minutia press.
Cathedral Basilica

As part of her confirmation program, I accompanied my daughter and her class to the Cathedral Basilica this past Sunday to attend their 10 AM Mass. I had not been to the Cathedral before, so I thought I'd post a short trip report. I have to admit that when I discovered the class was going to the Cathedral, I recommended they change venue to a place where Mass is celebrated in a more contemporary style of worship, particularly where music was concerned. The Catholic Student Center at Washington University, St. Francis Xavier College Church, or even a trip across the river to Our Lady of the Snows Shrine came to mind.

We entered the sanctuary just as Mass began, so we sat near the rear of the sanctuary. This was a mistake, as it was difficult to see much of what was happening. It's probably difficult to hear anything in that very reverberant building: there is at least a six-second hang to sound in the room. Churches of similar acoustical structure in Europe have moved to almost personal speakers placed in the pews, so that the amplification can be set quite low. That arrangement enables everybody to hear without having echo distract from what is being said. It's fair to say that the acoustics of the Cathedral were not designed so that anything could be heard articulately. However, there is a real majesty in the sound of the organ, choir, and even the sparse congregational singing that makes the space acoustically special.

There was not a true entrance song, but instead a piece was sung responsorially. There was a nice program printed that had all the music (notated) one would need from the pews. I happened to know the cantor for this Mass, but I can say objectively she was outstanding. Jade Lin Hornbaker studies music at Washington University, and she sang beautifully and invitingly. I'm not certain who played organ, but the accompaniment was very good. In that room, once the music starts, it is difficult to hear the actual line of music, but the choir, soloist, and organ stayed together.

The setting of the responsorial psalm was composed by Marty Haugen, who is responsible for much of the relatively contemporary music of the Catholic church. Almost all the other settings were older or much older, and the settings of the Mass parts: Kyrie, Sanctus, Agnus Dei (all done in Latin) were the settings I used to play in Houston at the Church of the Annunciation. That church is situated in a mostly Hispanic parish, so the Latin settings were easier for the congregation to understand than the English versions.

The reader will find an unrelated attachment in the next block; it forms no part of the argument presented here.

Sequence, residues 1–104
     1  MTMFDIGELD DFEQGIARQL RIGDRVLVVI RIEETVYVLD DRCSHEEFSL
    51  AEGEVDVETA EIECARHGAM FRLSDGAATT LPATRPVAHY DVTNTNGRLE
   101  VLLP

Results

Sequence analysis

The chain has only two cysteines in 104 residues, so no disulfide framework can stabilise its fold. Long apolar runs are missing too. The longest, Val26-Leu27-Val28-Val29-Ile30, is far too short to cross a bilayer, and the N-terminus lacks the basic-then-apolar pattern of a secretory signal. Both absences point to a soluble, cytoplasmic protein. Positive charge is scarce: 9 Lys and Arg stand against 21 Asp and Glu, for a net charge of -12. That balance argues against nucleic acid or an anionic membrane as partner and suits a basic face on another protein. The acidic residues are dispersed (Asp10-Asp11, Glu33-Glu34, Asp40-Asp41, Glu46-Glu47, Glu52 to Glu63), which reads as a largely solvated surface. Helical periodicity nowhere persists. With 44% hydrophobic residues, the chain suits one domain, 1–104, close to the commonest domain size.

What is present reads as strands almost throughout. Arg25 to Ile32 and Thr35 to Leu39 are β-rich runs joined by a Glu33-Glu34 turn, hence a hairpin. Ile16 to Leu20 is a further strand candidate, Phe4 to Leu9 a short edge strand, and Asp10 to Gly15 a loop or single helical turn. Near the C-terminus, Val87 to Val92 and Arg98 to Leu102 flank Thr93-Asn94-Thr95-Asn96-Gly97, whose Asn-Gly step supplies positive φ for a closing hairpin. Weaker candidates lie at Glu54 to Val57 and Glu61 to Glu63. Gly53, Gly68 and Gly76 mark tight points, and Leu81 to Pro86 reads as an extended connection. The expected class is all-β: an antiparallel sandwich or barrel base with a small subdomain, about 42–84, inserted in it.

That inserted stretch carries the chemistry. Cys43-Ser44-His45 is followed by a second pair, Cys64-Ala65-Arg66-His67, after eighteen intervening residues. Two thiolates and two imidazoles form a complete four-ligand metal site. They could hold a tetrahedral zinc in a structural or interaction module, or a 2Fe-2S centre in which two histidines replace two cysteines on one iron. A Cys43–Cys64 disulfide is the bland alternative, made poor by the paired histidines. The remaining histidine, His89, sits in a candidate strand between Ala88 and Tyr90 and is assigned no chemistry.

After Mass, a Deacon greeted us and answered questions. I asked how the music of the St Louis Jesuits had affected worship there, and his answer indicated that this particular place of worship was answering the challenge to determine what music is truly suitable for worship. While his examples of unsuitable pieces included Elton John's "Candle in the Wind", he seemed to be dismissing much of the music one might hear in a church with higher and younger attendance. Certainly from the sample of music at that Mass, I would say the music was more traditional and less accessible than one might find in other churches today.

We were offered no tour of the building, which is a shame, since it would have been nice to see more of what it has to offer architecturally and aesthetically. I must say I enjoyed the visit more than I thought I would, and I would recommend it as a place to observe a fairly traditional and beuatifully implemented Catholic Mass.

If you stumble on this post in search of a place to attend Mass in St. Louis, the Cathedral should be on your short list. I would also recommend the St. Louis Abbey and the St. Francis Xavier College Church.